In many ways, Cameron is his own worst enemy from now until the film hits theaters.  Every time he and Jon Landau talk about the film, they are putting a target on their own backs.  There are people who despise hype, who still have some weird grudge simmering over “Titanic,” (which was not called “The Titanic,” as the “Avatar” trailer calls it for some odd reason), and the more they hear “it’s like dreaming with your eyes wide open,” the more they’re going to push in the other direction.

And no, I don’t think it’s a calculated response to dislike the trailer.  Some of the responses I’ve read are absolutely just people offering up their honest reaction, and they didn’t like what they saw.  Fair enough.

RT @ petershall James Cameron’s AVATAR is the best looking thing that ever fell out of a hard drive from 2003.

But I think there’s also a brewing backlash that is based on factors other than the film, and this morning was a very clear demonstration of what the conversation’s going to be like moving forward.  Months of this, clear battle lines drawn, over a movie no one’s seen yet.  Personally, I’m content having some faith in a filmmaker who has, film after film, proven himself to be one of the best guys working in SF or action, and having him back in the director’s chair would excite and intrigue me no matter what the subject matter.

The fact that he’s gambling as big as he is, creating his own brand new world in the process… well, that’s just gravy.  If he wants to take me to Pandora in December, I’m more than happy to buy the ticket.  And if you guys want to sit it out because the trailer didn’t literally rewire the chemistry of your brain, as it seems it was supposed to do, then that’s fine, too.

I’ll have a full report on Saturday about the footage shown at “Avatar” day, the IMAX sneak preview of fifteen minutes of the movie, and obviously, as we get closer to the release of the film, we hope to have even more coverage here at HitFix.


Wanna see the international trailer?

Huh.  Looking at it, I don’t see a difference.  Still, nice to have an official embed of the trailer from Fox.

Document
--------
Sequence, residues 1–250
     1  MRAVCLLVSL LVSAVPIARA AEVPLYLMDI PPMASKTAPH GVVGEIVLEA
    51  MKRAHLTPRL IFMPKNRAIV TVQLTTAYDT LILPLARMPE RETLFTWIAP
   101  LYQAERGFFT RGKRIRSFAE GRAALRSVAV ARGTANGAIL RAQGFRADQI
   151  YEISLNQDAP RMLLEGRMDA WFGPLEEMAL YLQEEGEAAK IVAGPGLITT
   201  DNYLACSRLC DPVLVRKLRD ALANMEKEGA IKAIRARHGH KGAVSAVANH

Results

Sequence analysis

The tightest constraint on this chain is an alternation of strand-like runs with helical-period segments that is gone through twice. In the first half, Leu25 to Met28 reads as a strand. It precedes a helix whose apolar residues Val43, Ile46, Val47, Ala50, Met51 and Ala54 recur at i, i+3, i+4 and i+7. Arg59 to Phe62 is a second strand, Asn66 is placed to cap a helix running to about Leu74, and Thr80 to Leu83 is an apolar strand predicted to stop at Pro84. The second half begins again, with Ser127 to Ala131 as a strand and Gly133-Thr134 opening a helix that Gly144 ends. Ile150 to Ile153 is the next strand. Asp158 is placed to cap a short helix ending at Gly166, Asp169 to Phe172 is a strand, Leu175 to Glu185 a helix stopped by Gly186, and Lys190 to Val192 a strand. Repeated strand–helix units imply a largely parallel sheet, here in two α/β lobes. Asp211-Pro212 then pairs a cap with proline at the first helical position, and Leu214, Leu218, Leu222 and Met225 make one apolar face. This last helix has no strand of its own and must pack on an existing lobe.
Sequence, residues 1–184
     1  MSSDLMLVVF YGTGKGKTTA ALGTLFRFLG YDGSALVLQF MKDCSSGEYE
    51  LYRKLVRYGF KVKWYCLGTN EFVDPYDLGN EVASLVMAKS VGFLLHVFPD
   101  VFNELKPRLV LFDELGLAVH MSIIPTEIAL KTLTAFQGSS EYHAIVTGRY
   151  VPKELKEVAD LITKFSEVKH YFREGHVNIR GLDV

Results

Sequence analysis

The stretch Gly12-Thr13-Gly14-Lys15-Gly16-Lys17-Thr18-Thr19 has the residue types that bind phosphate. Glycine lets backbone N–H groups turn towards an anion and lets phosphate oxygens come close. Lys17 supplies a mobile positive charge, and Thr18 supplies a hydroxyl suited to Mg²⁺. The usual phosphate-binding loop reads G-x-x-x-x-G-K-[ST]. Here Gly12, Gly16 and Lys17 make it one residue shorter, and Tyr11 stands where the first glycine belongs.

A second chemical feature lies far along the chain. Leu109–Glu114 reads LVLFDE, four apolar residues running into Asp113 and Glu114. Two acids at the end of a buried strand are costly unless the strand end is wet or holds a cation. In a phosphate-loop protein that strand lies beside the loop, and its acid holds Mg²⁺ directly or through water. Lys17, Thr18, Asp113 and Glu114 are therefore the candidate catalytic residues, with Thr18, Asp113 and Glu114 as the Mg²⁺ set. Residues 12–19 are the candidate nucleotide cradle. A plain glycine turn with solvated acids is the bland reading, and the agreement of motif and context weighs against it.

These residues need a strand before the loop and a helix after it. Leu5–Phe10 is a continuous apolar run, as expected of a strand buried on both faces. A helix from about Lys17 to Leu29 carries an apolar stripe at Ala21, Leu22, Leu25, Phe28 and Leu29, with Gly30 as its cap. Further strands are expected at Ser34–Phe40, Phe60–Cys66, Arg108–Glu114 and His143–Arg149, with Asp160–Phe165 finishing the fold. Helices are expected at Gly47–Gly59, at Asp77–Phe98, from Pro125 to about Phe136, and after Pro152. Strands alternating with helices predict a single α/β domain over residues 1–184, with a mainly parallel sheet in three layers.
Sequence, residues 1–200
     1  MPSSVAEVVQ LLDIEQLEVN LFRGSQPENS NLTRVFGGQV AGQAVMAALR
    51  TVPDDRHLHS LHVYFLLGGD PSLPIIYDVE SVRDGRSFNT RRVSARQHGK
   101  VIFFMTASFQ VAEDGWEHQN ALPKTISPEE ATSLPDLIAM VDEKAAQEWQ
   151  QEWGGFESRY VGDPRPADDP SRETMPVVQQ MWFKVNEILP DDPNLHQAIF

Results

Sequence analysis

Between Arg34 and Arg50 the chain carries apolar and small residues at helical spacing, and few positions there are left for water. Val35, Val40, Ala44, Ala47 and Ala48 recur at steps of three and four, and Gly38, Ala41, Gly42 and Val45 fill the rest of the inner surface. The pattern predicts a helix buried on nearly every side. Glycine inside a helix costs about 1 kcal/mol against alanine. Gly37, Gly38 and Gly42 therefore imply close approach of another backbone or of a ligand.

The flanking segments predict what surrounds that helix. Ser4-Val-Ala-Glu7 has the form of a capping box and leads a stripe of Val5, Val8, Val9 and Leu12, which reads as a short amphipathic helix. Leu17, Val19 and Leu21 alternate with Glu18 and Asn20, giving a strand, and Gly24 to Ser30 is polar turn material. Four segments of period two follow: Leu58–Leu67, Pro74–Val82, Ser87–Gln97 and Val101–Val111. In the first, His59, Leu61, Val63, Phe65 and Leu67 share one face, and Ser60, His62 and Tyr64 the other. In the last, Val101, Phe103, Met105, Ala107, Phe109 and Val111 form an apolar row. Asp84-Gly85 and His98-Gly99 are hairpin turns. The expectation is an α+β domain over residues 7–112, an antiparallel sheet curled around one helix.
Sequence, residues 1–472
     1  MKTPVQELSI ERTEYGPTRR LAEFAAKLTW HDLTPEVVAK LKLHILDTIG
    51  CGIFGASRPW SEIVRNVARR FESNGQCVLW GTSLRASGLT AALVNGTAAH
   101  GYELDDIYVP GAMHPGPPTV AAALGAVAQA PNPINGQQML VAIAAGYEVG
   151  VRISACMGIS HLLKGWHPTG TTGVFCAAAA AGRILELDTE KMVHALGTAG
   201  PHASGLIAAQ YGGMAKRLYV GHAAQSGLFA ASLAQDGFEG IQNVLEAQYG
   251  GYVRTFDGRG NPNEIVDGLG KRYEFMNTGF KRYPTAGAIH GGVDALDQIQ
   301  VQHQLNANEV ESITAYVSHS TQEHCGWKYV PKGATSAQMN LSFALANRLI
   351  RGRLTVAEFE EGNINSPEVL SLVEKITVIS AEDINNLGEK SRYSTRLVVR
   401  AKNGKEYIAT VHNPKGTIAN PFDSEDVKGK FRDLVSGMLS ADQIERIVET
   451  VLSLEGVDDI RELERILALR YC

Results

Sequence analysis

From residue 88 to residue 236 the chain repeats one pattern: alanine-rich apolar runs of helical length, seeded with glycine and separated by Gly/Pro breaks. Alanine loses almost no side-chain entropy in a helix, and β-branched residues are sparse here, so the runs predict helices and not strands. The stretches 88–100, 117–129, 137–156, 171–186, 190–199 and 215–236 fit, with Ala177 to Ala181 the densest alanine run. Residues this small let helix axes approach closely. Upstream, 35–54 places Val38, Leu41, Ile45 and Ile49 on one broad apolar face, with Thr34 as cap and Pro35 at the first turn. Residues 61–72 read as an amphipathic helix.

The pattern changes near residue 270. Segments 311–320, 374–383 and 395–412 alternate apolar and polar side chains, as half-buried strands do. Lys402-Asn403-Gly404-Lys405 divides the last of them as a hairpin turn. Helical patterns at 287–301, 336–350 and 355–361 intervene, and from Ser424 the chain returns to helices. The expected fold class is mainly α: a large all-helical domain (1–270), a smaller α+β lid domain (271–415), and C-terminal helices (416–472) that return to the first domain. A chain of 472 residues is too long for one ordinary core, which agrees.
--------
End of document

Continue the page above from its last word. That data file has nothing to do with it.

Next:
I’m going to get further into this as the weekend continues, once I’ve seen the “Avatar” day presentation tomorrow, but I think there are some interesting challenges ahead for Cameron between now and December, and I think the first of them is the most important:  cut fandom loose.

Forget the fanboys.  Take it to the mainstream.  Sell the new love story from the man who made “Titanic,” and sell the idea of escaping your own body to run wild on an alien world.  The fanboys will go see it anyway, so dealing with all the gnashing of teeth and spilling of tears today, but for the next four and a half months?

Not worth it.

I like the comments here, even the ones I’m not in agreement with, because you guys seem to be able to actually discuss it.  There are other places where I am ashamed to share any common interests with the rabble that are just bleating waves of knee-jerk ignorance, places I’m not even going to link to.  Thanks, and I look forward to continuing the conversation late Friday or early Saturday.

In the meantime… are you really going to tell me that this is “bad” CGI?

Zoe Saldana's character in

Or how about this one?  Again… if the style doesn’t work for you, or the designs, that’s cool.  I can get behind that.  But as far as making it look like a physical object, holding the same space as the human cast?

Sam Worthington's character in

Yeah.  Works for me.